ASKAP will be an array of 36 antennas each 12m in diameter, capable of high dynamic range imaging and using wide-field-of-view phased array feeds. ASKAP is intended to be a world-class telescope in its own right as well as a pathfinder instrument for the Square Kilometre Array.
ASKAP’s large spectral bandwidth (300 MHz bandwidth over the frequency range 700-1800 MHz) and wide field of view (30 square degrees) will open up a completely new parameter space for large, blind HI absorption-line surveys using background radio continuum sources. Since the detection limit for such surveys is independent of redshift, ASKAP-FLASH will allow us to learn about the neutral gas content of galaxies in the poorly-explored redshift range 0.5 < z < 1.0, where the HI emission line is too weak to be detectable in even the deepest ASKAP surveys. The FLASH survey aims to detect and measure several hundred HI absorption lines (from both intervening and associated absorbers). This will provide a unique dataset for studies of galaxy evolution as well as a new estimate of the HI mass density at intermediate redshifts. The FLASH data will also be used for HI emission-line stacking experiments in combination with large-area optical redshift surveys like WiggleZ and GAMA.
Professor Elaine Sadler (Project Leader)
CAASTRO Member Node
Professor Lister Staveley-Smith University of Western Australia
Associate Professor Martin Meyer University of Western Australia
Dr. James Allison University of Sydney
Dr. Stephen Curran University of Sydney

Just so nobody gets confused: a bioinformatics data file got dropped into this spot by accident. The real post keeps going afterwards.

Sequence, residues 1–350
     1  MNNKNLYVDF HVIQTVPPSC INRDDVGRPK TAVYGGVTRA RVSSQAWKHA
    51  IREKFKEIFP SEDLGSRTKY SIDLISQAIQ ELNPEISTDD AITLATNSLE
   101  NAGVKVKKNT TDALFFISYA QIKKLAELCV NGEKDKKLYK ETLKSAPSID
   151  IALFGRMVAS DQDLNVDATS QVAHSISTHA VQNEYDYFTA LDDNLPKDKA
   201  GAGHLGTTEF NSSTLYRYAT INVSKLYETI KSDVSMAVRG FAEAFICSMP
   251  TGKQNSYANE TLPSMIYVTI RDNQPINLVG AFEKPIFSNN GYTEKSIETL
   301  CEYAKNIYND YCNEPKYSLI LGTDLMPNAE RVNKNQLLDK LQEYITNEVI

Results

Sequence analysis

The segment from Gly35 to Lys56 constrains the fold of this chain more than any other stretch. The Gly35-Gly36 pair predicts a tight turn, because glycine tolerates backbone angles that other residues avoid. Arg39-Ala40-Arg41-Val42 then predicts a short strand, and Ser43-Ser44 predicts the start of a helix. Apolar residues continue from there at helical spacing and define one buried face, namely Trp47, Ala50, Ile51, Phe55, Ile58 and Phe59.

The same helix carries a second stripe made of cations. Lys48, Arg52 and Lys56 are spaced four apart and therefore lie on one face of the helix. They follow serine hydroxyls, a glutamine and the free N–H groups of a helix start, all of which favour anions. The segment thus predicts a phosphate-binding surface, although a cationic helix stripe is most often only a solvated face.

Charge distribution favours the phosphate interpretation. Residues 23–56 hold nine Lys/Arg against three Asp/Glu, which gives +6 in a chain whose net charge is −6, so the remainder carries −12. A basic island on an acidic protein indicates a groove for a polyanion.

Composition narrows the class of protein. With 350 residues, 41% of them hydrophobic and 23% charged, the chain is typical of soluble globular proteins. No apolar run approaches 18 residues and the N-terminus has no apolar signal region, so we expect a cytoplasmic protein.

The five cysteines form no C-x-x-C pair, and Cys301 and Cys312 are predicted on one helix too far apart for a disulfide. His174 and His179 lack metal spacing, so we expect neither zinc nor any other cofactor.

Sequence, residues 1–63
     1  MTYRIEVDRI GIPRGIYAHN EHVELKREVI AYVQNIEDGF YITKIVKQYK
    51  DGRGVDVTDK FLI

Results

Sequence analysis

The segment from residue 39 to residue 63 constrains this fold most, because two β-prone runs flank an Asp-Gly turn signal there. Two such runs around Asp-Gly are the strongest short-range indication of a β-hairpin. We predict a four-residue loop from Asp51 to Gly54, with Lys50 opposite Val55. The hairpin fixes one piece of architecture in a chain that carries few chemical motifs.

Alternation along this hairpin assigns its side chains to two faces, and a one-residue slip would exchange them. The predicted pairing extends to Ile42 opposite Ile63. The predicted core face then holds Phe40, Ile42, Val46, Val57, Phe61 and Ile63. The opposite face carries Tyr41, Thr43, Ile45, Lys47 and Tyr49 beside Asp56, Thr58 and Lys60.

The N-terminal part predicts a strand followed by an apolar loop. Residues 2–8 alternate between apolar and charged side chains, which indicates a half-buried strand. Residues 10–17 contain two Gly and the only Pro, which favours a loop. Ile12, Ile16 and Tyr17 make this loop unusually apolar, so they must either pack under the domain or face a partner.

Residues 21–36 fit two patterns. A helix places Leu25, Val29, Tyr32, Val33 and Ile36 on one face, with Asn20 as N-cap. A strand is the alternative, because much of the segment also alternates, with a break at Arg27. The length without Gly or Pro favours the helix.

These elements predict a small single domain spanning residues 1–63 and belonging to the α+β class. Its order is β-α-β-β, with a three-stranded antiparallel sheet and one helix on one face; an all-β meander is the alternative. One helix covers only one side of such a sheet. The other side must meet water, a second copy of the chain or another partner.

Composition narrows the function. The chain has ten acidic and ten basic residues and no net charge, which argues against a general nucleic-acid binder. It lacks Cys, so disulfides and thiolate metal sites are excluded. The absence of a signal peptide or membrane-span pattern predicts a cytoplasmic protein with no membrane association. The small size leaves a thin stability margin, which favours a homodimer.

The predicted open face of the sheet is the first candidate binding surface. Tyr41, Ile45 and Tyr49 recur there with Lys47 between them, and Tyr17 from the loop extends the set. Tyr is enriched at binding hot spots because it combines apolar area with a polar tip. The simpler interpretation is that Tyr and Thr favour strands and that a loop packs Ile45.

Ms. Sarah Reeves University of Sydney
Mr. Marcin Glowacki University of Sydney
Associate Professor Chris Blake Swinburne University
Professor Matthew Colless Australian National University
See the full article here.
Please help promote STEM in your local schools.
Astronomy is entering a golden age, in which we seek to understand the complete evolution of the Universe and its constituents. But the key unsolved questions in astronomy demand entirely new approaches that require enormous data sets covering the entire sky.
In the last few years, Australia has invested more than $400 million both in innovative wide-field telescopes and in the powerful computers needed to process the resulting torrents of data. Using these new tools, Australia now has the chance to establish itself at the vanguard of the upcoming information revolution centred on all-sky astrophysics.
CAASTRO has assembled the world-class team who will now lead the flagship scientific experiments on these new wide-field facilities. We will deliver transformational new science by bringing together unique expertise in radio astronomy, optical astronomy, theoretical astrophysics and computation and by coupling all these capabilities to the powerful technology in which Australia has recently invested.
The University of Sydney
The University of Western Australia
The University of Melbourne
Swinburne University of Technology
The Australian National University
University of Queensland